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Which Coat is Best for Winter Dog Walking? | Lands’ End

Which Coat is Best for Winter Dog Walking?

You may reach a point mid-winter where all you’d like to do is sit on the couch under a cozy throw with a mug of hot chocolate in your left hand and a remote in your right. But no matter how determined you are to stay warm and comfortable inside, there’s someone who will feel differently. This “someone” is, of course, your dog.

Just how much time your four-legged companion needs to spend outside will determine your ideal outfit to stay warm. Below are a couple common dog-walking scenarios, and what you can pull on quickly for optimal warmth.

When Nature Calls

If it’s simply a quick skip to the backyard, you won’t need to invest too mightily in outerwear. Think of what can be pulled on the quickest, and will come off just as easily once you’ve re-entered your heated comfort zone.

A long down coat can be just the thing if you want to cover up a flannel pajama set or flannel pajama pants with a favorite t-shirt. Of course, you’ll still need the basic necessities: a scarf, some winter gloves, and a warm hat.

A Walk Around the Block

The classic neighborhood stroll with leash in hand doesn’t require much more planning. If you decide to put on some snow pants, you can wear a winter parka or wool coat on top. If the night isn’t particularly nippy—or if your route isn’t particularly long—you’ll even be safe wearing a lighter fleece jacket (just don’t forget the warm hat and gloves.)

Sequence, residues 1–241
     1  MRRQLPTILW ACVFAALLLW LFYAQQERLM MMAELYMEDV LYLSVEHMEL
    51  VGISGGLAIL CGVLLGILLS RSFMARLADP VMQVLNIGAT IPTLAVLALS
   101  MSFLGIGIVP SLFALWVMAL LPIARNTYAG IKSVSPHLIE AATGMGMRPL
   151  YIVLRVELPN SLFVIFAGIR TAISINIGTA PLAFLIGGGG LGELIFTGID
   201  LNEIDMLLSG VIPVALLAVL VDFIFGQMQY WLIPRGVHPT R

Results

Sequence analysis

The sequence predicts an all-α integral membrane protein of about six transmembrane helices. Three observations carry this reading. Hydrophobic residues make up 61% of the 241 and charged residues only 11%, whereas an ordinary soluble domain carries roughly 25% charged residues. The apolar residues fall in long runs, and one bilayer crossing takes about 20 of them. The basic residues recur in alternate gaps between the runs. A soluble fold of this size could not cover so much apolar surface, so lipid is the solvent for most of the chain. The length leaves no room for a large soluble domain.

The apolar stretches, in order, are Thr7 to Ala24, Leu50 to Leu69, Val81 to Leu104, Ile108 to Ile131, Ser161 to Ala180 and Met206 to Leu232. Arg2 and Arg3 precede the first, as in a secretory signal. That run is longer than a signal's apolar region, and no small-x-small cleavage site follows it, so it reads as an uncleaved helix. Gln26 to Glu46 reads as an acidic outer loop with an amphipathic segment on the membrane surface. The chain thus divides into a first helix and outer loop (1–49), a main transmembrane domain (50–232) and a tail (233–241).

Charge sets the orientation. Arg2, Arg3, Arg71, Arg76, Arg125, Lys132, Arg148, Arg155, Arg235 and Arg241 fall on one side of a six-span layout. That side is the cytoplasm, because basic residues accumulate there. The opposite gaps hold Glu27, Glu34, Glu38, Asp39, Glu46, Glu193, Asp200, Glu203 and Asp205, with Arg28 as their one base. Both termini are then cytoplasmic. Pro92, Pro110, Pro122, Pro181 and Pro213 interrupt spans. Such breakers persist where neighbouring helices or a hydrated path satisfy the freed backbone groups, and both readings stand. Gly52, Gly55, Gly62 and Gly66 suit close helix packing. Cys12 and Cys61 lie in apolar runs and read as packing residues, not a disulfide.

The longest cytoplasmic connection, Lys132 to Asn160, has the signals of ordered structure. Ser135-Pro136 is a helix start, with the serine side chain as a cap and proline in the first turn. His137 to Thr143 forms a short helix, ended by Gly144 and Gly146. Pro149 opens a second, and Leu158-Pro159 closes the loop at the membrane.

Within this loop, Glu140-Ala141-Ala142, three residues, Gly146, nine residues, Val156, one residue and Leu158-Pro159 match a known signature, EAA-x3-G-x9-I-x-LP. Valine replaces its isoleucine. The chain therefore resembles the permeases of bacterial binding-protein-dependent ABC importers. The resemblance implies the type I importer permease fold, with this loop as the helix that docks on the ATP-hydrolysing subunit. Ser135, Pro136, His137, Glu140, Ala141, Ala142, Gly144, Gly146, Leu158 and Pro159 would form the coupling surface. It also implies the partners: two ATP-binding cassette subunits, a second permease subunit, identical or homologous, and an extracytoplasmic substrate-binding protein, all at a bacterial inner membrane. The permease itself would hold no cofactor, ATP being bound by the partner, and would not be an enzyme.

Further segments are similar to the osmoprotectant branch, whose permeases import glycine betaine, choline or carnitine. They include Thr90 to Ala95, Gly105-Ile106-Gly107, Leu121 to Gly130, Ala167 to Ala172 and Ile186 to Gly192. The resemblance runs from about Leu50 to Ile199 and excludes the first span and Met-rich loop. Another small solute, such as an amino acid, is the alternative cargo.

The Tiring Trek

Maybe it’s you that wants to keep the dog walking—just so you can tire it out and assure a peaceful night back home. If you’re willing to go the distance, you’re going to need to dress for it.

Take your layering game seriously by topping a turtleneck or sweater with a winter vest. Depending on your choice of outerwear, you could work a fleece vest or even a down vest into your outfit.

Next, you’re going to want to make sure you have not just your gloves and hat on hand, but also a warm scarf to keep wind away from your neck and offer extra protection to your chin and nose in case they get a little frosty. Finally, you’re going to want to wear the warmest down coat you can find and a toasty pair of snow boots. Now, you’re ready to face any weather with Fido—although, let’s be honest, you’ll probably be just as tired as he is by the time you get back!

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